Roy Jensen often talks of a countdown clock to the date when Kansas University applies for National Cancer Institute designation.
Now, there’s one posted at the Cancer Center’s Web site — cancer.kumc.edu — ticking down the seconds until Sept. 25, 2011.
The prize is a big one for Jensen, the director of the KU Cancer Center, and others across the community. KU Chancellor Robert Hemenway has made the designation as a Comprehensive Cancer Center the university’s No. 1 research priority.
Jensen points to the collaborative effort around the state, including a recent “good week” in March, when the Kansas Bioscience Authority approved funding for improvements to the Wahl Hall Hixon complex, and a center of innovation for drug delivery.
Steve Warren, KU vice provost for research and graduate studies, said the Kansas Bioscience Authority has been critical in the effort.
“They have made it very clear that they consider the Kansas cancer initiative as their top priority,” ever since Kansas State University landed the National Bio- and Agro-Defense Facility in Manhattan, Warren said.
Warren said a planned bioscience research building on the Lawrence campus would combine biology and chemistry efforts to enhance the creation of new drug development and testing for the cancer initiative.
It’s just the latest in an ongoing cascade of collaborations around the state on the project, Jensen said. Earlier this year, the Cancer Center announced a partnership with the Leukemia and Lymphoma Society to add to a number of different organizations already participating in the effort.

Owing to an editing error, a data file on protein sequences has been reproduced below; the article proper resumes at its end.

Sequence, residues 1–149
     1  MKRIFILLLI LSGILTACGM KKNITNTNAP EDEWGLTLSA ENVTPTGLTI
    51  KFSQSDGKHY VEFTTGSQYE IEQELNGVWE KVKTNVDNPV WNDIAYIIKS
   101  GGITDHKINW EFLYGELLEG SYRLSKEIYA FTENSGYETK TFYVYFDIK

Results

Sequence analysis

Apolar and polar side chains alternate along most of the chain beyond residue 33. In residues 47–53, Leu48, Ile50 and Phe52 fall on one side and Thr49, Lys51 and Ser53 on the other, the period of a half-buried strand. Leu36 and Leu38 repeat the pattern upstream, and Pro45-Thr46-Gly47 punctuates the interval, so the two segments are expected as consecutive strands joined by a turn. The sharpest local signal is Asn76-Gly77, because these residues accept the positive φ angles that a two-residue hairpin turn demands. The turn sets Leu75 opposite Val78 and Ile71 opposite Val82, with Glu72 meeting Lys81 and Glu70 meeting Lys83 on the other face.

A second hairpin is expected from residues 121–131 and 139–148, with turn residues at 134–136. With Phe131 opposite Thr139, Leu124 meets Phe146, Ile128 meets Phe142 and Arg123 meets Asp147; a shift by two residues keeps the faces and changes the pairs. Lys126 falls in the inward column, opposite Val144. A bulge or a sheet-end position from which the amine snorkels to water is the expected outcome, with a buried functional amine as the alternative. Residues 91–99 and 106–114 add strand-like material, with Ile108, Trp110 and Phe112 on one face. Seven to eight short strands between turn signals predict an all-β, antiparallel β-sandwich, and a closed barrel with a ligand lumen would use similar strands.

“All of that really helps move the ball forward,” Jensen said. “It’s been great to have such incredible support coming from so many different areas.”
The stakes are high, as Jensen has been telling numerous groups over the last few months.
“It’s estimated that there is somewhere between 12,000 and 13,000 people diagnosed in the state every year,” Jensen said, with well over 5,000 deaths.
“Just from a personal standpoint, it results in a large impact,” he said.
From medical expenses and lost productivity, estimates place the annual cost of cancer to the state at about $2 billion.
Jensen is also fond of saying that investing in the cancer program is a “no-regrets” investment.
“Every resource that we’re committing toward this cause is going to make a difference,” he said.
During the cancer center application process, National Cancer Institute leaders told KU to focus on the things it did well.
And for Jensen and KU, that means focusing on its drug discovery efforts. With the KU School of Pharmacy and other community partners, KU is on the right track, Jensen said.
But challenges still remain.
Jensen is still working to bring together multidisciplinary teams of researchers and to recruit world-class cancer researchers — a critical element in bringing additional national funding to the cause.
The good news for KU is that even the setting of an application date has some level of significance as to whether or not the center’s application is being well-received by the National Cancer Institute.
Linda Weiss, chief of the NCI’s Cancer Center branch, has said previously that if the NCI thinks a center is not prepared to apply, it may elect not to place the center on its calendar.
“We’ll tell them: ‘This could be premature,’” Weiss said.
The quest for designation has brought collaboration from a number of different sources, even in the form of aid from rival school Kansas State University.
“I would be churlish not to highlight the support we’re getting from people all across the state,” Jensen said.
Warren agreed with the sentiment, and he highlighted the collaboration among people throughout the state.
“The great news is we’re all on very much the same page,” Warren said. “The benefits will spread lots of different directions.”